The future looks bright for Ed Helms. His indie turn in “Cedar Rapids” was well-received, “The Hangover Part II” followed the success of the first film and it looks like 'Part III' is a go. Helms also picked up the slack on “The Office” following the departure of Steve Carell to very positive responses. Now Helms steps out of his comfort zone just a tad to portray the not-terribly-likable Pat in the Duplass Brothers’ new film, “Jeff Who Lives at Home.”
Pat is the responsible brother with a good job and a good marriage, or so it would seem at the outset. He just bought a new Porsche, much to his wife Linda’s (Judy Greer) chagrin. But Pat is quite pleased with himself. Meanwhile his pothead brother Jeff (Jason Segel) still lives at home with Mom (Susan Sarandon), who is going through a crisis of her own. Through a series of bizarrely coincidental circumstances, Pat and Jeff reconnect and wind up discovering that Pat’s wife is cheating on him. They team up to investigate and, well, in the tradition of the Duplass Brothers, the story that develops from there is best seen for yourself.
The Playlist recently spoke with Helms at the Four Seasons in Los Angeles. We discussed the unique experience that is working with the Duplass Bros., how he grew to love (or at least like) a character he had initial misgivings about and how he hopes the film will alter the perception of what an Ed Helms movie is.
Helms was first approached about “Jeff Who Lives at Home” by Jason Reitman, who is a producer on the film. The two became friends after the director helmed some episodes of “The Office.” “I read it and, at first, I didn’t like it,” Helms tells The Playlist. “I didn’t like Pat for the first 40 pages and I thought, ‘I’m not going to do this, but out of respect for Jason, I’ll finish the script.’ And then there’s this kind of really intense, poignant process that kicks in and suddenly I was like, ‘Wow, this is a really cool arc and really cool character.’ And I guess Pat is a jerk but he wants to be a better guy and I can understand and sympathize with that. So I got excited and watched all the Duplass Brothers movies, met and loved them and I talked to John C. [Reilly] about it on ‘Cedar Rapids.’ "
Altering Audience Expectations
While Helms admits he’s generally drawn to comedy, part of the appeal of the Duplass material was stepping out of his comfort zone. “There’s going to be a little bit of perception dissonance for moviegoers,” says Helms. “You see Jason Segel and Ed Helms in a movie and that conjures something very specific and that’s not what this is. This is not a Judd Apatow or Todd Phillips bonanza. It is a Mark and Jay Duplass creation and it’s Ed Helms and Jason Segel in that world, which is very small and contained and very, at times, mundane but in an exciting way. It puts a microscope on something very small and suddenly it’s bursting with intensity and color and flavor. I just really love it for that reason. I love that it’s small and intense and poignant and, at times, dramatic but also hopefully very funny.”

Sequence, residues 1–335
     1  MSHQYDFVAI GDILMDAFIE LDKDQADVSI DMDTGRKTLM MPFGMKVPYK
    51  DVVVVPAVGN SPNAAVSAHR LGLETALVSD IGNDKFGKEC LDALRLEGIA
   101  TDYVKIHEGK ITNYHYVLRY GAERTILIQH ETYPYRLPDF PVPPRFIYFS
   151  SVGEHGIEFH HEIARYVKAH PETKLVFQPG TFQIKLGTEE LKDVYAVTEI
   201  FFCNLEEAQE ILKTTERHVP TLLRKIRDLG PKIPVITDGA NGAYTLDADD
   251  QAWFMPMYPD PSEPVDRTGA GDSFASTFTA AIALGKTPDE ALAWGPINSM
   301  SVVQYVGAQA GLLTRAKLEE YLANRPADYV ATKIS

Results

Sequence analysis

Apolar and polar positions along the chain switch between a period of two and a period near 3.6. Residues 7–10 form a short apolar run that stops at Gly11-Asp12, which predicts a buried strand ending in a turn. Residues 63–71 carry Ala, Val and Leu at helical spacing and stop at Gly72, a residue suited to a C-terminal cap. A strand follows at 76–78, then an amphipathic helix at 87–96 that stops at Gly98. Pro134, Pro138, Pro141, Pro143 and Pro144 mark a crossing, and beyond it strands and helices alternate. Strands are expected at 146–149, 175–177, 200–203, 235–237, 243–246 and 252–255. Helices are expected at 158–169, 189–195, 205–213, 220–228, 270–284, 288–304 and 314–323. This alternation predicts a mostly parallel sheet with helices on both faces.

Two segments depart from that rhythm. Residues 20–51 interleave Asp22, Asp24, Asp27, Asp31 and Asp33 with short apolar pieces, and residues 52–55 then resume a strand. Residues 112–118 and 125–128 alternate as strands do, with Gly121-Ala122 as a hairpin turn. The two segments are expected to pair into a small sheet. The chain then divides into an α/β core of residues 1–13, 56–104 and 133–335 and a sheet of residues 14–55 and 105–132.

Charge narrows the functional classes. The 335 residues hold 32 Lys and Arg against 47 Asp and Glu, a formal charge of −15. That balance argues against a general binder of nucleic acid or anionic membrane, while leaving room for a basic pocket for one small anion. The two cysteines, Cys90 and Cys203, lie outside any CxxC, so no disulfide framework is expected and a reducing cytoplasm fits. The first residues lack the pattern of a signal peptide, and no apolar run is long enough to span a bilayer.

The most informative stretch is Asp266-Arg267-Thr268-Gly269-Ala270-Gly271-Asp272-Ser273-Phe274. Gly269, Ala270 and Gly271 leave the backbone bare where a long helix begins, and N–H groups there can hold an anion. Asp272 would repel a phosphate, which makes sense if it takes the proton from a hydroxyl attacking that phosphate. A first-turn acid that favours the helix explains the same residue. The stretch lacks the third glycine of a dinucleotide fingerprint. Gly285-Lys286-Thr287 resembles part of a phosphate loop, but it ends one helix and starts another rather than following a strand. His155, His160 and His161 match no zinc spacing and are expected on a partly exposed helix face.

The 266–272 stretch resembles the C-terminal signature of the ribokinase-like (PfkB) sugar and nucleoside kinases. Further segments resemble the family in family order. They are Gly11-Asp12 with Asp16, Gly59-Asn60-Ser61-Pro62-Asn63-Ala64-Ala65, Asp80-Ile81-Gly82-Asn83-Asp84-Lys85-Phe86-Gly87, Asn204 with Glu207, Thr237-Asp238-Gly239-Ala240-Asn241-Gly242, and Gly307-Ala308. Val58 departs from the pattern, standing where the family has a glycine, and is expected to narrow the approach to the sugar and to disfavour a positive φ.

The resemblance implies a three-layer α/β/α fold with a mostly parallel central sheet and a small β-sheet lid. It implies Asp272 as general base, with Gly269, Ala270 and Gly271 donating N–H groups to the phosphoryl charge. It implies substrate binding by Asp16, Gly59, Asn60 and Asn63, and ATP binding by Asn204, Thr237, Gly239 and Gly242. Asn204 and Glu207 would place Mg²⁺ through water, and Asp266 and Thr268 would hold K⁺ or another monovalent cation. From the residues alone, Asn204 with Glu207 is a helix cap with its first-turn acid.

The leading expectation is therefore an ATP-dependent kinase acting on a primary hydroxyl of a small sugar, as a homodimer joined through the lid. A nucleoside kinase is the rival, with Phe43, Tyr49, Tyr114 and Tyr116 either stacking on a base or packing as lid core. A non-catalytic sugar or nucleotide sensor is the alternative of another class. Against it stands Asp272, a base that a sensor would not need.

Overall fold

“What I loved about this script and also about ‘Cyrus’ is that you’re in this situation that is building this level of tension and you’re like, ‘Oh my God, how is this possibly going to unfold?’ And then it just does exactly as it should," he continued. "The natural laws of physics just kind of dictate what would happen and that, to me, is just very honest storytelling. It’s not looking for a huge left turn surprise. This is just a snapshot of very real human behavior and isn’t it fascinating and I happen to think it is. Mark and Jay Duplass are geniuses at doing that.”
Much has been made of the unique shooting style orchestrated by the Duplass Brothers on set. While improv is generally associated with comedic lines, the Duplasses employ improv of some sort in nearly every scene. They don’t just allow their actors to stray from the script, but in fact encourage it. “It’s incredibly exciting,” Helms tells the Playlist. “I was never drawn to dramatic acting. I don’t know why but I guess comedy just seemed more fun. There’s more energy and there’s more instant feedback. You can tell if someone’s laughing. You can’t tell if someone is being moved by something.”
“This process, Mark and Jay really demand that you internalize the script and then perform the spirit of it and not the words of it. Use your own words, use your own instinct. And I guess that’s intimidating at first, but it becomes the most exciting cool thing, especially when you’re doing it with someone like Jason Segel who is so effortless and so massively talented that you just get to go on these runs and follow these little rivulets of spontaneous reaction and behavior that you never would do in a scripted scene," Helms enthused. "And then you just have to trust that Mark and Jay are going to pick the moments that really are genuine and honest and the most authentic. But it is a really exciting process and it’s fun because you don’t know what you’re gonna say. It’s like this challenge to be as real as possible. It was really fun. I’d do it again in a second.”
“Jeff Who Lives at Home” opens in theaters March 16th.